May 7, 2012
I was excited when Apple announced support for folders in iOS 4. Folders were the solution to the iPhone’s home screen limit and Apple implemented folder creation in a pretty slick way – dragging one app icon atop another, even suggesting a name in the process .But while I appreciate that Apple has tried to simplified the organization system in iOS when compared to the hierarchies in Mac OS and Windows, folders have become more frustrating than helpful to me.
First, the limit on the number of items (which varies depending on whether you are using an iPhone/iPod or iPad, forces arbitrary organization schemes. I’ve found this to be particularly true for games, the abundance of which on iOS has left me scratching my head as to how to group them. Is Traffic Rush a skill game? A strategy game? A driving game? I’ve mostly given up and just created sequentially named Games folders that lead me to forget what is where.
But this creates another problem because you can’t search for folder names. If you’ve forgotten which folder you’ve used for an app, about your only alternative aside from opening every potential folder to spot check is to search for the app every time you want to launch it.
Finally, even after you’ve gone through the painstaking process of creating folders – a task not particularly enhanced by the iTunes desktop interface – restoring your folder organization can be a dicey proposition.
Old Mac hands will remember that the Mac’s first filing system, the Macintosh Filing System (MFS), also had folders that were merely cosmetic and not hierarchical. Apple could better balance the needs of those wanting a more robust organization scheme and novices by creating a one level-deep hierarchy as it sort of has in iPhoto. It would also be great to see Apple create a more powerful desktop tool to organize apps, screens and folders, But I’d happily pass on either of those options if Apple would simply offer the option to keep apps and folders alphabetized as they do on the Mac and as they are in the Windows Phone app list and Android’s stock launcher. This creates a default way to find things as the number of apps grows.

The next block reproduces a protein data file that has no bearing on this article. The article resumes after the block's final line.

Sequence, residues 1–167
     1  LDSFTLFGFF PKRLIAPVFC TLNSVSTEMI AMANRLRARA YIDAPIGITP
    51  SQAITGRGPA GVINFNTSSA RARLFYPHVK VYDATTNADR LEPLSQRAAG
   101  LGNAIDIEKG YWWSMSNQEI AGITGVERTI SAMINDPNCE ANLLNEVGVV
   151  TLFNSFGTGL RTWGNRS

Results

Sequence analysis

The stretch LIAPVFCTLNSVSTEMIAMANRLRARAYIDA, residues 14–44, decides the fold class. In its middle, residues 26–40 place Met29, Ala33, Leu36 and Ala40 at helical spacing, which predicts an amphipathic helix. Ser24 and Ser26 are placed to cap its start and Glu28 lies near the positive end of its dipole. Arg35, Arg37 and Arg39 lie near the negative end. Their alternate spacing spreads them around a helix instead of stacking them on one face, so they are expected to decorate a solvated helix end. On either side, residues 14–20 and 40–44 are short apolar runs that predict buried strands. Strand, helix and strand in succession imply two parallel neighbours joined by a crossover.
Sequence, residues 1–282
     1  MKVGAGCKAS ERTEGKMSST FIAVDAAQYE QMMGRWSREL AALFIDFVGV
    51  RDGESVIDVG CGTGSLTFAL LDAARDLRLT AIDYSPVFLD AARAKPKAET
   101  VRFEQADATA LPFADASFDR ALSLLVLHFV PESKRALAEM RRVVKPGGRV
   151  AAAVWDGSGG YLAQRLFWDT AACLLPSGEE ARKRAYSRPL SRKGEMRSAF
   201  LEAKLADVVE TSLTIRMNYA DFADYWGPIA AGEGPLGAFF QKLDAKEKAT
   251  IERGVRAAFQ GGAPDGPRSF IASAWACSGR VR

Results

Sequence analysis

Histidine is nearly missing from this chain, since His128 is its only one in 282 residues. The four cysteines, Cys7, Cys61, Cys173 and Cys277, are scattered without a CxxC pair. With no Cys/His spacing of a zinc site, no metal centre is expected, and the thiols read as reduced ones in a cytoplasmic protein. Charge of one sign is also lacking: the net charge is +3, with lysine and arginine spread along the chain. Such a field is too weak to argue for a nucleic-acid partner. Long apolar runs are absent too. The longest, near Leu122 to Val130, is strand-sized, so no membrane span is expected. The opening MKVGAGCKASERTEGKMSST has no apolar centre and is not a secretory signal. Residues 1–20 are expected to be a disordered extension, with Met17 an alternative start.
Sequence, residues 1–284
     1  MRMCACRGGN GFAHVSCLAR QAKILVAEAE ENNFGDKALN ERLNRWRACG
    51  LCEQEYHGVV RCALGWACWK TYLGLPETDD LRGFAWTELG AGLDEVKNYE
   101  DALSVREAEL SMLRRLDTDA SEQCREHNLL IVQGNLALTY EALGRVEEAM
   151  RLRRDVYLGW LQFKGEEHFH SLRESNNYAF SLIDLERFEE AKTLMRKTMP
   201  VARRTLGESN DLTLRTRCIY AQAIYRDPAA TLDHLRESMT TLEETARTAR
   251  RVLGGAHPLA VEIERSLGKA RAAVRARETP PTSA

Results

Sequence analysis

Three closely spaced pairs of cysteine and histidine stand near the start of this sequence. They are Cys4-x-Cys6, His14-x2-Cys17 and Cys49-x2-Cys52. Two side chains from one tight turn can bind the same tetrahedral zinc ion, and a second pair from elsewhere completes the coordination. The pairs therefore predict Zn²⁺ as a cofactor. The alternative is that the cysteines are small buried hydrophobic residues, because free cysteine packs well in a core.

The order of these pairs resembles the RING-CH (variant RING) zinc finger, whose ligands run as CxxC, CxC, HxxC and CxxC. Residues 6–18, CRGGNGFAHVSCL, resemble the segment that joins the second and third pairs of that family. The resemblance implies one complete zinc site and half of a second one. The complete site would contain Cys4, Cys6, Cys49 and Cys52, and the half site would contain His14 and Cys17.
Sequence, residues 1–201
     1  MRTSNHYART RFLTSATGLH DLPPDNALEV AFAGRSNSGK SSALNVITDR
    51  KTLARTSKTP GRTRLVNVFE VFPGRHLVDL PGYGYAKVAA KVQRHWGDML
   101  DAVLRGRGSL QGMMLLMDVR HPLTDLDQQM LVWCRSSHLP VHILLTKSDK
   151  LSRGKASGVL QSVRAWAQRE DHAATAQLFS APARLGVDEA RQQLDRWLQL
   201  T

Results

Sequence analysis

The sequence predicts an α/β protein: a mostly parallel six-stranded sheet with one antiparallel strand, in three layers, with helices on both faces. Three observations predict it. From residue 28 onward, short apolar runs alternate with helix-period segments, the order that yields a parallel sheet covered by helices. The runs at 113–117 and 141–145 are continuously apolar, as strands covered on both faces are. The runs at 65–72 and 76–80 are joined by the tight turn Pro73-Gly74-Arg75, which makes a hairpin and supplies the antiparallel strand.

Tags: Apple, flatland, folders, iOS, iTunes, MFS, navigation, personalization, Search
February 20, 2011
The iPhone distinguished itself with a single home button for returning from an app to the launch screen. While its functionality may have been strained a bit as the platform has progressed. e.g., having to tap twice to bring up the app switcher, its single UI depression concession made a statement about minimalist simplicity that few platforms (webOS may be one example) have answered.
In contrast, Android launched with four major UI buttons (Home, Menu, Back and Search) and Windows Phone launched with three (Windows/Start, Back, and Search). Exactly how many – if any – buttons is optimal can be debated by user interface experts or considered personal preference. As is the case with much of what I consider Android variation, the media has jumped upon the tendency for different vendors to implement the Android button order in a different way, even in different handsets from the same manufacturer.
I don’t see that as such a major issue, but the Search button, in particular, always struck me as gratuitous. Yes, we know Google is a search company, but that doesn’t mean I need a search button omnipresent on my device. And I was somewhat disappointed that Microsoft followed suit (since, of course, Bing is really important, too).
Now Google, if not having so much seen the error of its ways, will give licensees the option to forego any and all buttons in Honeycomb tablets and presumably Ice Cream handsets. Perhaps this was due to the influence of Matias Duarte, a notion that buttons are trickier to place on a tablet versus a generally vertically oriented handset, or simple feedback from partners.
The drawback is that now, in addition to potentially having different button layouts, Android devices may now have different combinations of buttons and gestures for the same task. Regardless, these devices now have the potential to look cleaner and more streamlined because of the change. Perhaps that’s one of the liberties that Nokia will feel free to take as it balances its unique customization privileges against compromising the consistency in the Windows Phone ecosystem.
Tags: Android, buttons, differntiation, Google, IIce Cream, iPhone, Matias Duarte, Search, Start button, tablets, user interface, webOS, Windows Phone